Freelance opera singer Diipti Firmstone has also grappled with fach and it has taken her a while to reach her conclusions. Not every singer fits in one little box. Those who are obviously a Queen of the Night, or a Sarastro, are much easier to ‘box’. If you are a fach-in-between and have had conflicting advice (due to differing tastes) and you are a talented enough vocalist and musician to sing more than one type of music then you can actually end up in a pickle as it’s hard to know what to present.
Diipti says… “Ok…so in Australia I marketed myself on being an “I can do anything!” Soprano, so I thought that would be my aim of attack when I came to audition here in Germany last season. I thought, I will show them! I can sing Donna Anna, Mimi, Pamina, Juliette, (oh and I think I had Liu in the list too if I remember correctly)! This seems ridiculous to me now although it made sense to me a year ago (try explaining that to an agent). Now I see how it screams: what are we going to do with this short, brunette, feisty soprano and what roles can we cast her in?! Donna Anna – too young; Mimi – should be singing Musetta first, Pamina – too short and voice quality not warm enough, Juliette – voice too colourful and too passionate, traditionally blonde and petite; Liu – you can’t have Donna Anna and Liu in the same fach list! All of these comments have been told to me by various people (coaches, teachers, agents) during my time here. So my package you ask? Well a Lyric Coloratura who is short, funny, crazy, dark features, passionate and a colourful voice. Final bit of advice, know what you can’t do – don’t choose anything that shows that.”
So, after the obligatory battle understanding voice types… Make a decision. Don’t present a confused programme to the panel. Make their lives easy, and make it easier for them to pick you.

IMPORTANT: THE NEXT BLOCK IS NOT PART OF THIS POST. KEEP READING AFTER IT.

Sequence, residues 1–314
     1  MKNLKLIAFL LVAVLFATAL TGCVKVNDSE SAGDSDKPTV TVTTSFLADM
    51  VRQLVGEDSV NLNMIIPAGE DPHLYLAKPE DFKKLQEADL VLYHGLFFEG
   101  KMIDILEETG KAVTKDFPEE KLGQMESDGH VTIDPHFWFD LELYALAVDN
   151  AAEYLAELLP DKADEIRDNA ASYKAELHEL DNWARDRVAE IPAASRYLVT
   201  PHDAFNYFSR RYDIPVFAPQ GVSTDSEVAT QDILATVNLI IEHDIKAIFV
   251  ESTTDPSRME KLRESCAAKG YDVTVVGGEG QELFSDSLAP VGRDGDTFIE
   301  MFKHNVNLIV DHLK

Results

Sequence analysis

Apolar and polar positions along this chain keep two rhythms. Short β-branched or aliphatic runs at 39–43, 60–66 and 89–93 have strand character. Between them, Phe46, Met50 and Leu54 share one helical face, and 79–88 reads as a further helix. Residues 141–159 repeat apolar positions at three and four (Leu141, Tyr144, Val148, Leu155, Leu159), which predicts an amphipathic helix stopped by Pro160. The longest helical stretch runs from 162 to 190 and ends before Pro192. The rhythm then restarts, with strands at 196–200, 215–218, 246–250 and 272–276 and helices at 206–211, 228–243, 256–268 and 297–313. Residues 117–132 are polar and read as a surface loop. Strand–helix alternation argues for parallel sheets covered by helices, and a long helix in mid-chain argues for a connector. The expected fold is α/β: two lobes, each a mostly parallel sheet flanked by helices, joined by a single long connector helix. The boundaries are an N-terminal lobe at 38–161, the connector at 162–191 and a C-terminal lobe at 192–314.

It is generally a given that you will have four or five arias – often including one operetta – prepared within your fach for agent and house auditions. Americans are renowned for being incredibly well prepared, coming with seven arias ready, with three copies of each in three separately bound folders. Perhaps this is a little extreme, but there is a reason why Americans do so well here! American houses are also used to bigger voices, which is not dissimilar to here either, so (usual example sorry if you’ve read previous fach post) a Susanna in Germany would probably be cast as a Countess in the UK and other countries where there is a heavy influence of early music.
Before I start rambling, I will come back to Handel. If you are a Handelian singer, then by all means include it in your audition pack, or programme. The same Berlin-based student says, “I think it’s good maybe to have one Handel aria in your list. That is, if you can really nail it, it shows your abilities, and it can can be transferred/likened to other rep by showing coloratura, legato, good Italian, vocal range….. Houses tend to do one or two baroque pieces per season, even if it’s not Handel. So it’s not completely sinnlos.” I would add to that also saying, if you’re British, they probably expect you to have Handel on your list…!!
So. Main points.
Be useful. Know your fach. Get your package ready. Present what you do well, but also present what the house/agent needs. Be aware of stylistic differences between the tastes of the country you’re coming from and the one you want to go to.
The next element of ‘Sharing’ will include aspects from the Musik Hochschule system here. Keep reading! Thank you.